Tuesday, April 25, 2017

Thiamine (Vitamin B1) Deficiency and Wernicke-Korsakoff Syndrome

Thiamine is important for the metabolism of carbohydrates, especially glucose, and amino acids. It is a water-soluble vitamin found in meat, especially liver, and unrefined cereals and grains.

Thiamine is absorbed readily in the upper small bowel. Increased requirements are seen in pregnancy, lactation, thyrotoxicosis, and fever. Increased losses are seen with diuretic therapy and peritoneal dialysis.

Clinical Features: Thiamine deficiency causes syndromes affecting the cardiovascular and neurologic systems. They are better known by the names beriberi and Wernicke-Korsakoff syndrome. There are two forms of beriberi, wet and dry.

In developed countries, thiamine deficiency is seen mostly in chronic alcoholics. However, it has been reported to occur in others, such as pregnant women with hyperemesis gravidarum on prolonged intravenous fluid therapy, patients on parenteral nutrition, and elderly patients. In alcoholics, thiamine deficiency is due to decreased intake consequent upon a poor diet and also decreased absorption from the intestine.

Neurologic and cardiovascular manifestations are the common presenting symptoms of thiamine deficiency.

 Sensorimotor neuropathy, or dry beriberi, is a condition of slow onset. It is usually symmetrical and characterized by loss of ankle jerks and eventually foot drop and wrist drop if the upper limbs are affected. 

Wernicke’s encephalopathy is a characterized by increasing confusion, mental dullness, decreasing level of consciousness, ataxia, insomnia, nystagmus, and diploma arising from disturbances of extraocular movement. MRI scanning demonstrates focal lesions in patients with Wernicke’s encephalopathy. Korsakoff’s syndrome is typified by a disproportionate impairment in memory relative to other aspects of cognitive functioning. Short-term memory is usually affected more than long-term memory. Anterograde amnesia often leads to the phenomenon of confabulation.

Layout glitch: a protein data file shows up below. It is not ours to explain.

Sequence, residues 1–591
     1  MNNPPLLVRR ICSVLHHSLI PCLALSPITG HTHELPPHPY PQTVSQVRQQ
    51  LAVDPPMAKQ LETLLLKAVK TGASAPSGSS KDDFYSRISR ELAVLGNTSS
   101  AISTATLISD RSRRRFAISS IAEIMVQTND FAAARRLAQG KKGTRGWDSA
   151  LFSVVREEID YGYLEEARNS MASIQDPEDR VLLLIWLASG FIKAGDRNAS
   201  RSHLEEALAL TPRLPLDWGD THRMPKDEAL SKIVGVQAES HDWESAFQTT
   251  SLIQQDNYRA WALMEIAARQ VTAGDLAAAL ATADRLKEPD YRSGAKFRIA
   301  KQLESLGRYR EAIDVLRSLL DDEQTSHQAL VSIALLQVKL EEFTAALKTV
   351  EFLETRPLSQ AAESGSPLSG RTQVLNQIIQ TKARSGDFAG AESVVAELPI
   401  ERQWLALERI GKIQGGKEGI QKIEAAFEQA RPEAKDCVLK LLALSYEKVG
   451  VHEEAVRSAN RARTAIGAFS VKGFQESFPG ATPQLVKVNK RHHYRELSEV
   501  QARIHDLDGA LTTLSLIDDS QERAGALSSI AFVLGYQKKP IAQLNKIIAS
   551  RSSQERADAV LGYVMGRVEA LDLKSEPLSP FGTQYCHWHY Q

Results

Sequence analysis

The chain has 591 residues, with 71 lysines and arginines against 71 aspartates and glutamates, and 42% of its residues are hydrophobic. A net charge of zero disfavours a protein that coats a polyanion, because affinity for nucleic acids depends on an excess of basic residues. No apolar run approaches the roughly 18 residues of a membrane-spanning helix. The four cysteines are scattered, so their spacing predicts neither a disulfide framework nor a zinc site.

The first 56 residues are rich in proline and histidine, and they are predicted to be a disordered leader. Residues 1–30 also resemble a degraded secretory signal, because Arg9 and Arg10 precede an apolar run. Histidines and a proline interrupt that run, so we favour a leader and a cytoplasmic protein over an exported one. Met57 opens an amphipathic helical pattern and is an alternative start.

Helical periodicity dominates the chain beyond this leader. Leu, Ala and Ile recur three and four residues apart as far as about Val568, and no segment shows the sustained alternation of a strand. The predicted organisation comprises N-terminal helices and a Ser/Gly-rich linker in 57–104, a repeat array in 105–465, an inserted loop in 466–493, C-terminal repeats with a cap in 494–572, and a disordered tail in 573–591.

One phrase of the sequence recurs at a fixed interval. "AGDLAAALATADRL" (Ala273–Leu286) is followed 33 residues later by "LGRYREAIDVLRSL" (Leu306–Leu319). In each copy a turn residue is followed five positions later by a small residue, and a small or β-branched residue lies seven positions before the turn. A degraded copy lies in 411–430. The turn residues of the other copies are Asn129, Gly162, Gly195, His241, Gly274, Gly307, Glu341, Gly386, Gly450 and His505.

Cardiac failure, or wet beriberi, is a high output cardiac failure, as evidenced by tachycardia, vasodilatation, cardiomegaly, and peripheral edema.

 Diagnosis: A diagnosis of thiamine deficiency can be confirmed by a rapid response to thiamine replacement therapy. Recovery is not always complete and there may be residual neurologic impairment that may be severe. The best laboratory investigation to confirm thiamine deficiency is the measurement of erythrocyte transketolase activity. Transketolase is an enzyme that depends on the thiamine ester thiamine pyrophosphate (TPP). Transketolase activity is measured with and without added TPP. An increase in enzyme activity is called TPP effect. TPP effect of 15% to 25% is borderline deficient and over 25% indicates definite deficiency.

Management: Thiamine replacement therapy in the first instance is obviously important, followed by attention to the underlying cause, such as alcoholism and/or poor diet. The route of thiamine replacement depends on the acuity and severity of the clinical manifestations. Parenteral therapy (100 mg IM or IV) should be used in acute presentations such as Wernicke-Korsakoff syndrome. Oral replacement therapy can be used (200 mg/day).

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